- Poster presentation
- Open Access
Comparison of macroscopic abnormalities in patients receiving routine pantoprazole when compared to placebo
Intensive Care Medicine Experimentalvolume 3, Article number: A980 (2015)
Gastrointestinal (GI) mucosal abnormalities have been observed within 24 h of admission to ICU and are thought to represent a 'stress' response. While acid-suppressive drugs are frequently administered to ICU patients, for stress ulcer prophylaxis, there are sparse data to support its efficacy.
To compare the presence of macroscopic mucosal abnormalities during upper GI endoscopy in mechanically ventilated, critically ill patients randomised to receive pantoprazole or placebo.
Ten patients were evaluated (6 M:4 F; age 41.7 ± 4.3 y; admission APACHE II score 19.4 ± 1.9; pantoprazole n = 4, and placebo n = 6) from a larger prospective study, in which 209 mechanically ventilated patients were randomised to receive IV pantoprazole (40 mg) or placebo in a double-blind fashion. Patients who received ≥ 5 doses of pantoprazole/placebo (80 patients in total) were eligible for the endoscopy sub-study. Written and informed consent was obtained from the patient's next of kin. The presence of one or more macroscopic abnormalities (erythema or oedema, erosions, ulcerations and naso-gastric tube lesions) and GI bleeding (petechial or sub-mucosal bleeding, haematoma, coffee-ground material and frank blood) were assessed at endoscopy by a single experienced gastroenterologist who was blinded to the intervention. Data are mean ± SEM or median (IQR) and were compared using Mann-Whitney U tests or chi-squared tests as appropriate.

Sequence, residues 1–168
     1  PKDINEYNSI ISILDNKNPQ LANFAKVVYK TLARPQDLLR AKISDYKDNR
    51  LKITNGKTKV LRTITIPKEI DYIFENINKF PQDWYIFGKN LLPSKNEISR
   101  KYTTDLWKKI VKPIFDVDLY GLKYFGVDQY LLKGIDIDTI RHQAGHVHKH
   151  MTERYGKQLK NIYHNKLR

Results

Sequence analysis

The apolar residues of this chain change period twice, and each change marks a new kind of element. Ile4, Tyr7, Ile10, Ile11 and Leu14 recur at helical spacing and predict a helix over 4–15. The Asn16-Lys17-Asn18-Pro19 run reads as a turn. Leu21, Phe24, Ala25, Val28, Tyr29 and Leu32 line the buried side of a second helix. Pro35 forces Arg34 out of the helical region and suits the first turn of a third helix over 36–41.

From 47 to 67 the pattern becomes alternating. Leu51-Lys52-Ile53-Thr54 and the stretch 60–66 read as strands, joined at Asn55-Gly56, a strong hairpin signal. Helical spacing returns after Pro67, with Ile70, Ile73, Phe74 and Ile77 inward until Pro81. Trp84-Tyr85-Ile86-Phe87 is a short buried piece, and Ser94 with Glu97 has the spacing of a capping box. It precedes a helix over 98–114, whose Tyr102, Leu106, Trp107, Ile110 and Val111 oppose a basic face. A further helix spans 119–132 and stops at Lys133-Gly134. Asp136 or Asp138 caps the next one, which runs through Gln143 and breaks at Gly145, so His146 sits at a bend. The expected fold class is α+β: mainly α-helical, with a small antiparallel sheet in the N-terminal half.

Patients had received pantoprazole 8.8 ± 0.3 doses or placebo 10.7 ± 1.1 doses prior to endoscopy (p = 0.21). One patient in the pantoprazole group was also receiving corticosteroids, and another received regular non-steroidal anti-inflammatory drug therapy. Patient's haemoglobin on the day of endoscopy were similar (pantoprazole: 89.8 ± 6.0 vs. placebo: 83.7 ± 3.7g/dL; p = 0.52), one patient (receiving pantoprazole) had received a blood transfusion prior to endoscopy. All patients were receiving enteral nutrition prior to endoscopy. Upper GI mucosal abnormalities were observed in a total of 3 patients treated with pantoprazole (75%) and 4 patients treated with placebo (66%), without a difference between treatments (p = 0.78). Observed abnormalities included
(i) erythema/oedema/erosions (pantoprazole: 2 patients vs. placebo: 2 patients)
(ii) naso-gastric tube-related lesions (3 vs. 2),
(iii) petechial or sub-mucosal bleeding (0 vs. 2), and (iv) duodenal ulcer, (0 vs. 1); the latter was not associated with bleeding but the patient was switched to open label pantoprazole.
Upper GI mucosal abnormalities may occur frequently in mechanically ventilated patients. However, in this small cohort, the prevalence of mucosal abnormalities does not appear to be substantially reduced by administration of prophylactic pantoprazole.
This project was funded by a Royal Adelaide Hospital Research Foundation project grant.